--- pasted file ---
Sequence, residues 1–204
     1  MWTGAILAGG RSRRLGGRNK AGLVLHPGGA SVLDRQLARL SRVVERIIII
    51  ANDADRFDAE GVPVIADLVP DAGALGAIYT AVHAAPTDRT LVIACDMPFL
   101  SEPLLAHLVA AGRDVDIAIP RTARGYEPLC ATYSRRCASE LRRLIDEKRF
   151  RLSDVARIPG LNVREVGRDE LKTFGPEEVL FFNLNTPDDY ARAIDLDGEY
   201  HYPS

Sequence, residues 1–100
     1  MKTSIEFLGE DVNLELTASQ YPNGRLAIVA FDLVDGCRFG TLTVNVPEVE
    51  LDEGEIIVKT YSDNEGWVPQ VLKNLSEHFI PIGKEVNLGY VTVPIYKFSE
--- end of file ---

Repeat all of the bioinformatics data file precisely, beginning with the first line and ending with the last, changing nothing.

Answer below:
Sequence, residues 1–204
     1  MWTGAILAGG RSRRLGGRNK AGLVLHPGGA SVLDRQLARL SRVVERIIII
    51  ANDADRFDAE GVPVIADLVP DAGALGAIYT AVHAAPTDRT LVIACDMPFL
   101  SEPLLAHLVA AGRDVDIAIP RTARGYEPLC ATYSRRCASE LRRLIDEKRF
   151  RLSDVARIPG LNVREVGRDE LKTFGPEEVL FFNLNTPDDY ARAIDLDGEY
   201  HYPS

Sequence, residues 1–100
     1  MKTSIEFLGE DVNLELTASQ YPNGRLAIVA FDLVDGCRFG TLTVNVPEVE
    51  LDEGEIIVKT YSDNEGWVPQ VLKNLSEHFI PIGKEVNLGY VTVPIYKFSE